No Alto Maipo: Chile’s continued struggle against the mining industry for the right to water.
Emily Humphreys, 13 February 2019
Chile is recognised as the poster-child of neoliberalism, with a strong mandate of privatisation on any capital-rich resource. A clear example of this mandate can be seen in extractivist projects, particularly mining and hydroelectric projects. As Chile’s economy grows, thanks to a global addiction to raw minerals, a sinister struggle underlies the country’s giant mining industry: water rights. And no, such rights are not found to trickle down from the private mining firms to the nation’s discriminated citizens.
The Maipo River Basin
Santiago de Chile, home to 7 million people, is a sprawling metropolitan jungle gripped to the roots of the Andes mountains. The Andes give the city not only a backdrop of formidable beautiful, they are also the source of the country’s most important water source: the Maipo river. The Maipo river basin runs 60km south of Santiago’s metropolitan region, supplying 90% of the city’s urban and residential water as well as 70% of total irrigation water (Baeur, 2016).
The significance of the river basin, also considered Santiago’s ‘green lung’, in providing life to the city and surrounding territories is undeniable, and its place in sustaining future generations translates its existence into a human and environmental right. Nevertheless, the Maipo river basin has become victim to an activity that threatens the supply of water to the citizens of the greater metropolitan region, one whose objective is to provide energy for Chile’s most lucrative industry: mining.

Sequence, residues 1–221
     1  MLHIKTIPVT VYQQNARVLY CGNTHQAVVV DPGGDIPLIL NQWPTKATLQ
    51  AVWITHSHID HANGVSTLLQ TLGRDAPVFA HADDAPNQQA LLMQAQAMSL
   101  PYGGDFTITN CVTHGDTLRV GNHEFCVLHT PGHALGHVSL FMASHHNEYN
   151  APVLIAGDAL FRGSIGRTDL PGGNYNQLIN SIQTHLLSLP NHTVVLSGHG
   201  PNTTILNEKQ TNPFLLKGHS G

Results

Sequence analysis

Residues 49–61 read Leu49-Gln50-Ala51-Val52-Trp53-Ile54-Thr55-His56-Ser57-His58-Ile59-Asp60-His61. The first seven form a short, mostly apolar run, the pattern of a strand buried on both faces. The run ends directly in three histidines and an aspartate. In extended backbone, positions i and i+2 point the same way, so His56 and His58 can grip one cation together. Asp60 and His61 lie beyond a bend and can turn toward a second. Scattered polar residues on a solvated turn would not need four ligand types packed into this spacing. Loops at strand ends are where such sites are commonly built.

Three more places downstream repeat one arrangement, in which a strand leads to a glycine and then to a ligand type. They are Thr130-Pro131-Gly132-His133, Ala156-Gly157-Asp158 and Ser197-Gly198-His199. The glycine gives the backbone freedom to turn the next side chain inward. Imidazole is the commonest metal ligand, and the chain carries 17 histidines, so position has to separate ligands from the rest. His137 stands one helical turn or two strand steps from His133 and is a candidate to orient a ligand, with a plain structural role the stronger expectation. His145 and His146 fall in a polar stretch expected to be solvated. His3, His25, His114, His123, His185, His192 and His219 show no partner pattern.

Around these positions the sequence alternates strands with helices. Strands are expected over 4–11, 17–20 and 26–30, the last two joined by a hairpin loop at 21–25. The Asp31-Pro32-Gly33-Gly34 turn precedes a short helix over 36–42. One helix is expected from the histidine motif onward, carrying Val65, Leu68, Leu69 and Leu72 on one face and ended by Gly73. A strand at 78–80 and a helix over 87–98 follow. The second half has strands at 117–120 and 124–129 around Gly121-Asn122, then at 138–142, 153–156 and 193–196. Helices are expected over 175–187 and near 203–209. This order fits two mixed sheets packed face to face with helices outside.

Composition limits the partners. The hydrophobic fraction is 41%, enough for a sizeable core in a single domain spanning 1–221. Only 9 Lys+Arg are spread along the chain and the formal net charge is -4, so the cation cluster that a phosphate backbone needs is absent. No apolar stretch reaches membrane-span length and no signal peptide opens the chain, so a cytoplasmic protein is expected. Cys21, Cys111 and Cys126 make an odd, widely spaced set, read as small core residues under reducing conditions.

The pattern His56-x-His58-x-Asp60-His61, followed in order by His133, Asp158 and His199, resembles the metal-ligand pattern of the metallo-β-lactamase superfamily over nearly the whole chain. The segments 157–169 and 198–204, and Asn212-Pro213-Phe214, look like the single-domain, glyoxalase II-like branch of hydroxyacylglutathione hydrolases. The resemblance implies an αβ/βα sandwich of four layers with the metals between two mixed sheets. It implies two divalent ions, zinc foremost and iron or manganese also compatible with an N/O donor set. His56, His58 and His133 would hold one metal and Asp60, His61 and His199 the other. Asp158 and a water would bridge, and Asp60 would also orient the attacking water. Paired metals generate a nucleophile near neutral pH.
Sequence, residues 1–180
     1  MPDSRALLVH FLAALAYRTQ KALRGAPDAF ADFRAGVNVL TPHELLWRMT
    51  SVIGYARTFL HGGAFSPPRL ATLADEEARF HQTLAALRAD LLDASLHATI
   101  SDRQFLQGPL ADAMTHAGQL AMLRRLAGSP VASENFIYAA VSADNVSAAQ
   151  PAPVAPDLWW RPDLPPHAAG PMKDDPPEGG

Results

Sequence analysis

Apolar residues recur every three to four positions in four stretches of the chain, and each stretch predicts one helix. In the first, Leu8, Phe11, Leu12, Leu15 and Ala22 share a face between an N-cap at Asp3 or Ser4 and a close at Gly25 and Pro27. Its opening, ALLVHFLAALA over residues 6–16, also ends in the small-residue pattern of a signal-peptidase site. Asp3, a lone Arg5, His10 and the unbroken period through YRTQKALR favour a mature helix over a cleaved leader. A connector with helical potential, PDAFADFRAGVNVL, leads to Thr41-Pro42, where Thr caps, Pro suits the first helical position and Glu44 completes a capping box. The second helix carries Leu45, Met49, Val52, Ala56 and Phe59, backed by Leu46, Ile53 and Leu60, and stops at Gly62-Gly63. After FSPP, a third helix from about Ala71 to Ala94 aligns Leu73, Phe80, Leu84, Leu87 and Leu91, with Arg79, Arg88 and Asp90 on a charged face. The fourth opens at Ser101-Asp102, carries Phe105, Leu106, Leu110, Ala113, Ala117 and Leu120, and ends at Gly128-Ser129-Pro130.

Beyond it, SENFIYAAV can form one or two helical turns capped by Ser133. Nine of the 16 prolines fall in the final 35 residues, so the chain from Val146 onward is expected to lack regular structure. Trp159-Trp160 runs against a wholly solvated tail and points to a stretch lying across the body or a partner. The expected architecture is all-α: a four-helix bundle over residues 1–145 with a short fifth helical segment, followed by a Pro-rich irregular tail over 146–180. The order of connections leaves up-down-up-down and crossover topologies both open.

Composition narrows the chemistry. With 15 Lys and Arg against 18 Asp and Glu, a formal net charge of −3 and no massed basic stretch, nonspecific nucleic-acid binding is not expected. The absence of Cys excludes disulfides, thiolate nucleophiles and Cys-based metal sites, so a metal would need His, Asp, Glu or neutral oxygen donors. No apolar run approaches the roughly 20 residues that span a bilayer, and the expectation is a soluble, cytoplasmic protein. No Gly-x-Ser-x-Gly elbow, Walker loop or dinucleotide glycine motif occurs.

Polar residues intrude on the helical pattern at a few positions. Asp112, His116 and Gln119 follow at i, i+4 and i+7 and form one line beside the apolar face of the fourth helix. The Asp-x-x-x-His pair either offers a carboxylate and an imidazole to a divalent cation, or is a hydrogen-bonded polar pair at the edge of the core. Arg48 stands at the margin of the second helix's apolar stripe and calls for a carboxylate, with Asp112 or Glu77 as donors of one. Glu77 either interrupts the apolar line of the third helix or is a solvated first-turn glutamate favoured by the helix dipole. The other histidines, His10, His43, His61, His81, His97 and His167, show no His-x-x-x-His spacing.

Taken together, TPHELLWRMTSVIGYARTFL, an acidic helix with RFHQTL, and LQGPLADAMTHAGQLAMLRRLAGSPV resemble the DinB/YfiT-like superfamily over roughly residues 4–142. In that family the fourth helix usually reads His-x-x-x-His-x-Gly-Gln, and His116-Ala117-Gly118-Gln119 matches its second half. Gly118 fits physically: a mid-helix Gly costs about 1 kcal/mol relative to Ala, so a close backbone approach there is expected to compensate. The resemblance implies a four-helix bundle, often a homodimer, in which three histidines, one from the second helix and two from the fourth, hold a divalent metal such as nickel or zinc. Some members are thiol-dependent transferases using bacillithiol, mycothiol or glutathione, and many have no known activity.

Copper: red gold
Copper mining is one of Chile’s most important economic activities, with 29% of global stock found in the country. Chile prides itself in being the number one producer of the red metal, for obvious reasons: Copper, and other precious metals, have made Chile the wealthiest country in Latin America (in economic terms). In short, copper is a resource which has infiltrated into the national fibre of Chile and the result is a heavily politicised and exploitative extractive industry. Mining is championed as the most attractive model for economic development and prosperity in Chile, and indeed, it can be argued that this economic model has given citizens a quality of life much sought after by neighbouring nations. But, this economic and material wealth has come at an alarming social and environmental cost.
Alto Maipo: an unnecessary project
50km southeast of Santiago, in the Cajon del Maipo region, the Alto Maipo Hydropower Project (PHAM) has become one of the biggest environmental struggles in the country’s history. The health of the Maipo river basin is under direct threat from two large-scale run of the river (ROR) hydroelectric projects which use the natural flow of a river to generate energy, avoiding the construction of a dam. With well-known tragedies of collapsing Dams, particularly jarring being the recent collapse of Brumadinho tailings dam in Brazil, a decision to avoid constructing a Dam may appear positive. The opposite is true.